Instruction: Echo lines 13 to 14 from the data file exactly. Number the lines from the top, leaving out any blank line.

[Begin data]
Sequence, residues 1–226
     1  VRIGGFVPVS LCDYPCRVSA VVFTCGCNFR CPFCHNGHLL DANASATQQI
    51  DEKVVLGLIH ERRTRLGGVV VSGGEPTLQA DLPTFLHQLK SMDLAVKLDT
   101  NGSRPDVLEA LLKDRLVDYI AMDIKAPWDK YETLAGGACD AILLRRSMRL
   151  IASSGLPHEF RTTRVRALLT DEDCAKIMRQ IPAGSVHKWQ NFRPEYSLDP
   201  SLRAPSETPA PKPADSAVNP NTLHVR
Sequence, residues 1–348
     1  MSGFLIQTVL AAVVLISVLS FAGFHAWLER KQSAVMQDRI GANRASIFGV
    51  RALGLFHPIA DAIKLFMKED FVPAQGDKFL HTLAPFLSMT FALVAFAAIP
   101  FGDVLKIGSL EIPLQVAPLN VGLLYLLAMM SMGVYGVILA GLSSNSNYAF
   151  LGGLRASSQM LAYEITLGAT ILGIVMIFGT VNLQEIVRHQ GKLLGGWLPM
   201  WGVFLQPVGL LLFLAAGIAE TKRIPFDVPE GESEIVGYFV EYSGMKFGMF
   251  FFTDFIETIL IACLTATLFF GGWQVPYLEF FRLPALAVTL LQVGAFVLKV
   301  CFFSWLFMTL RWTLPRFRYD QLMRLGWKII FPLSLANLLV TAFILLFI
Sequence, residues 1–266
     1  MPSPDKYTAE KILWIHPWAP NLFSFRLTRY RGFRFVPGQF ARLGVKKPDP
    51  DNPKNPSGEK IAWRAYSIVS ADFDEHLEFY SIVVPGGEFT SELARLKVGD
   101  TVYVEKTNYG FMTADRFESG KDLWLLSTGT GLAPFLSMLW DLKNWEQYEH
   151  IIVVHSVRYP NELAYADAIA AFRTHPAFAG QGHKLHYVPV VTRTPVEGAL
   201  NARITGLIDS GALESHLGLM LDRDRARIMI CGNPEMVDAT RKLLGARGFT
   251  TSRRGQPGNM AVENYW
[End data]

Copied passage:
   251  FFTDFIETIL IACLTATLFF GGWQVPYLEF FRLPALAVTL LQVGAFVLKV
   301  CFFSWLFMTL RWTLPRFRYD QLMRLGWKII FPLSLANLLV TAFILLFI